Use this space to describe your geocache location, container, and how it's hidden to your reviewer. If you've made changes, tell the reviewer what changes you made. The more they know, the easier it is for them to publish your geocache. This note will not be visible to the public when your geocache is published.
BOWDITCH POINT PARK AND IT'S GEOLOGICAL IMPORTANCE
Size:  (not chosen)
How Geocaching Works
Use of geocaching.com services is subject to the terms and conditions in our disclaimer
Bowditch Point Park is part of the Lee County Parks system located on the north end of busy Fort Myers Beach. It is abound with plant and animal life, as well as important geographical features.
The purpose of this earthcache is to introduce you to Bowditch Point Park, show you how it was formed and the importance of it's geographical features.
IMPORTANCE OF BOWDITCH POINT
Estero Island or Fort Myers Beach is a barrier island or bar, which is a shoaling land form within a bay of water.
Barrier islands are very important to coastal areas to protect the mainland from storms, erosion and to provide shelter for boats. The Fort Myers shrimp and fishing industries would not be here if a barrier island did not exist.
These islands or sand bars develop over time where current or waves with longshore drift promote the deposit of sand.
Barrier islands are thought to have formed in three ways.
1. By the growth of spits from headlands and their subsequent breaching of inlets.
2. By the emergence of underwater shoals.
3. By the drowning and isolation of mainland dune lines as sea level rose (Schwartz 1971)
The barrier islands that separate Estero Bay from the Gulf of Mexico, including Estero Island, are essentially sedimentary deposits that were carried by longshore currents. These deposits originate from sediments deposited at the mouths of rivers and creeks, including the Caloosahatchee River, when rising sea levels flooded this area 5000 years ago. (Johnson and Barbour 1991).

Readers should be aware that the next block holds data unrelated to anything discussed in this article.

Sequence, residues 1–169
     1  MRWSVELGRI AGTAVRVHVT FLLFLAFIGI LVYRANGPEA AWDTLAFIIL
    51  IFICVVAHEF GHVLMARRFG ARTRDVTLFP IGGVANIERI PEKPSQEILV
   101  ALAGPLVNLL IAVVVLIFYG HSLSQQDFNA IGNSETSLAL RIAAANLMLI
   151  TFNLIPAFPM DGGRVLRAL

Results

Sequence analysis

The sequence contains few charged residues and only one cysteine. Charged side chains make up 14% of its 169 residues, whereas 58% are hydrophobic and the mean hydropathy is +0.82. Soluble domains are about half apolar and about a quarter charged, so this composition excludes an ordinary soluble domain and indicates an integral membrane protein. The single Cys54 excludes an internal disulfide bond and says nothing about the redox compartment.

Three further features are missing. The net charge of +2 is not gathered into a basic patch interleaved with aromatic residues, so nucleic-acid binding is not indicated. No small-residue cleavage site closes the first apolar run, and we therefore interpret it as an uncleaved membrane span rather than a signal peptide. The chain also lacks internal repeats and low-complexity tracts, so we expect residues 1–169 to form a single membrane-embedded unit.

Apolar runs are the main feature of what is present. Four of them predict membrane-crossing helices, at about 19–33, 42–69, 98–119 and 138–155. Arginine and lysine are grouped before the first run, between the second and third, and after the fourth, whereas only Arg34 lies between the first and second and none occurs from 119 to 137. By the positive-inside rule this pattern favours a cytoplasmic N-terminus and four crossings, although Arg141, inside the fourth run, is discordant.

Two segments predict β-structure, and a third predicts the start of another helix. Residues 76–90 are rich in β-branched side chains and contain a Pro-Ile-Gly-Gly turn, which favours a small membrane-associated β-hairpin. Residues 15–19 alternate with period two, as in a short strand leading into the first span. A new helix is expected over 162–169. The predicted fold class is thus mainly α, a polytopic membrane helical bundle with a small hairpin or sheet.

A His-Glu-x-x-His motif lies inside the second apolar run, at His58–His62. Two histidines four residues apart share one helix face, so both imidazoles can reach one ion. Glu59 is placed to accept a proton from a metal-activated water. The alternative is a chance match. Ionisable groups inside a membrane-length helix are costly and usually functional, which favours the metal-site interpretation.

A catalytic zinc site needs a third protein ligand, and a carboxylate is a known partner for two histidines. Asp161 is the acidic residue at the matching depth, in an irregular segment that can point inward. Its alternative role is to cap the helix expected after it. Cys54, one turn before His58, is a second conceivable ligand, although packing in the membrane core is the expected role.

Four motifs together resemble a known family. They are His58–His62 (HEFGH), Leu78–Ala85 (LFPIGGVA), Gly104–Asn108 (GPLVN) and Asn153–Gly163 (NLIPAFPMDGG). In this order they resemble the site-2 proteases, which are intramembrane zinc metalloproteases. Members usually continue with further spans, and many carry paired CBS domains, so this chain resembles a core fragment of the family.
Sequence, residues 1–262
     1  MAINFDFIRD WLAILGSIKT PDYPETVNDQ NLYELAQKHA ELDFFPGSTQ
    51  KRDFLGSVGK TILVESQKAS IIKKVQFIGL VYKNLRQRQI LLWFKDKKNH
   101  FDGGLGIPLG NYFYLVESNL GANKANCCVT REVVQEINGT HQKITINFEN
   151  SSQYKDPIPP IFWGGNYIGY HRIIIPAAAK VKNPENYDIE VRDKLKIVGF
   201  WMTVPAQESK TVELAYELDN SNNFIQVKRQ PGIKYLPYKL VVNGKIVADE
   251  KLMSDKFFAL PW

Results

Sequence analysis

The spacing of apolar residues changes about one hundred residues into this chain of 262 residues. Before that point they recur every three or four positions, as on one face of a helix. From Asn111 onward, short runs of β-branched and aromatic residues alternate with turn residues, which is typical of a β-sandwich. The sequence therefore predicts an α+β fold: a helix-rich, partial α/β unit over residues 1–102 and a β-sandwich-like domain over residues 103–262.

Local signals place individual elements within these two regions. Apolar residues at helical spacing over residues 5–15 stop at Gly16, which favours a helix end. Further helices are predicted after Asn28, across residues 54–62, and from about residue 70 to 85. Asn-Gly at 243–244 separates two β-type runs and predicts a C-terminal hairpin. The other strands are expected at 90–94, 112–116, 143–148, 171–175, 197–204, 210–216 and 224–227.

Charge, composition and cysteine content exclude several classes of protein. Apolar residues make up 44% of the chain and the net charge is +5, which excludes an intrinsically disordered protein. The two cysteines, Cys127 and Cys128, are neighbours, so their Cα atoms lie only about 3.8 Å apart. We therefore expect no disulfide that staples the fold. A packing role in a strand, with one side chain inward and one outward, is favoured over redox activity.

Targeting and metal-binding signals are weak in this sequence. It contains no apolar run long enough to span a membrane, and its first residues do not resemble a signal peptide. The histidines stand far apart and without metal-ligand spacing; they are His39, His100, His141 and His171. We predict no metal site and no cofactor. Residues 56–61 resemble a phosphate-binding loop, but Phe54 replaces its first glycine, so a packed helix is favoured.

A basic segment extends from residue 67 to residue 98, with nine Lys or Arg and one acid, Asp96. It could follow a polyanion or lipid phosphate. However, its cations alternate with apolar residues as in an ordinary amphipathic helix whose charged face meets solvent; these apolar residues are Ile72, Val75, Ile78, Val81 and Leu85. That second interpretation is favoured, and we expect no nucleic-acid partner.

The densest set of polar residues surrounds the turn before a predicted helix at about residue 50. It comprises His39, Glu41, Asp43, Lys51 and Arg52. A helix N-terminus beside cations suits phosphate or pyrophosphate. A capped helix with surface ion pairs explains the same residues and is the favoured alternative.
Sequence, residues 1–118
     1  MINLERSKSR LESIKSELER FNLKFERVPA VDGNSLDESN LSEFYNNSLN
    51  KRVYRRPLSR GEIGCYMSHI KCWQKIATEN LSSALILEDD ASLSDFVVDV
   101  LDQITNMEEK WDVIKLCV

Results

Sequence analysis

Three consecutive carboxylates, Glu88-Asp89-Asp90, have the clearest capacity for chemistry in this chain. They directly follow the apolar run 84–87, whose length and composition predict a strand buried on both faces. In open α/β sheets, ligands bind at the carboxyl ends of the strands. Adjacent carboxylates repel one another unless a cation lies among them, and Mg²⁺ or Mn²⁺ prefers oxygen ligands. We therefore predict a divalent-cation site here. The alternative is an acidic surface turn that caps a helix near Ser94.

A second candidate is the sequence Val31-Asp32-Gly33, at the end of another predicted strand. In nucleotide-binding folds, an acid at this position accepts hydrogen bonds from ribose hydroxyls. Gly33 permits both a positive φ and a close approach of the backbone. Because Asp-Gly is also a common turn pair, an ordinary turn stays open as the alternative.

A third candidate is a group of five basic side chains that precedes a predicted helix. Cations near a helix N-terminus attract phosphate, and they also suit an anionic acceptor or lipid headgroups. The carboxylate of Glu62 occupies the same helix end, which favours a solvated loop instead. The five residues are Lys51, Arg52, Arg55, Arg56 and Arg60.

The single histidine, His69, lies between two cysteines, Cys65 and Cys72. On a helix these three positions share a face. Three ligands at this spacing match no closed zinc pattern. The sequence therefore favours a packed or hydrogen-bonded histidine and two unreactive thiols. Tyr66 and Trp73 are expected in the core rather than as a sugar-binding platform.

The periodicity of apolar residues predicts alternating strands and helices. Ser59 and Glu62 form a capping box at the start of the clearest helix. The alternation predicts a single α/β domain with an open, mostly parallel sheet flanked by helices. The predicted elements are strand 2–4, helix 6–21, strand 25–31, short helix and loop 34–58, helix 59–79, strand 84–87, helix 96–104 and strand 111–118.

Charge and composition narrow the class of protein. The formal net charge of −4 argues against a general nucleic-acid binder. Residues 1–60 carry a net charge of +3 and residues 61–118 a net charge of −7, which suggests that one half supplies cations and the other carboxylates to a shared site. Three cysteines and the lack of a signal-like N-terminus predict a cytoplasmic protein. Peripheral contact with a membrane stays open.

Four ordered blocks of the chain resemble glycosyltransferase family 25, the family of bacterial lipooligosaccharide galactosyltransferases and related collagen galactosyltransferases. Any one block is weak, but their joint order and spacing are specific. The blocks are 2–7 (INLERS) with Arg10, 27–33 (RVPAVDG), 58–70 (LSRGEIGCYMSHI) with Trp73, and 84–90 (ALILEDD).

Since the inlet at the north end of Bowditch Point must be kept open and navigable for commerce to enter the bay, from time to time the inlet must be dredged. If not it could close. When dredging takes place, the sand that is removed is placed on the island.
REQUIREMENTS TO RECEIVE CREDIT FOR THIS CACHE
Using your GPS'r, measure the approximate length of Bowditch Point Park (from the concession stand to the inlet), and the aproximate average width of the park (from the Gulf of Mexico to Estero Bay).
1. What is the approximate length and width of Bowditch Point Park? What is your guess as to how big the park is, in acres.
Go to the highest point in the park and with your GPS'r, determine the elevation above sea level.
2. What is the elevation of the highest point in the park?
3. What specific kind of sand is prevalent in the area. (not silica)
4. Email me the answers to these questions, AND, upload a picture showing your GPS'r, in front of your favorite feature of this park. Pictures of you and your group are optional.
Take a nice walk, take your time and enjoy. Picnic and beach facilities are available.
Thank you to Lee County Parks for permission to publish this Earthcache and background materials.
CONGRATULATIONS TO PILOT SEARCHER FOR FTF.
Many thanks to all you wonderful people who posted pictures. I do enjoy them very much. For future finders, take a moment to enjoy them and I hope you post yours too.
Nafjre gb gur fnaq dhrfgvba vf ba gur ynetr vasbezngvba fvta.
Loading Cache Logs...
Last Updated: on 6/5/2018 9:01:59 AM Pacific Daylight Time (4:01 PM GMT)
Coordinates are in the WGS84 datum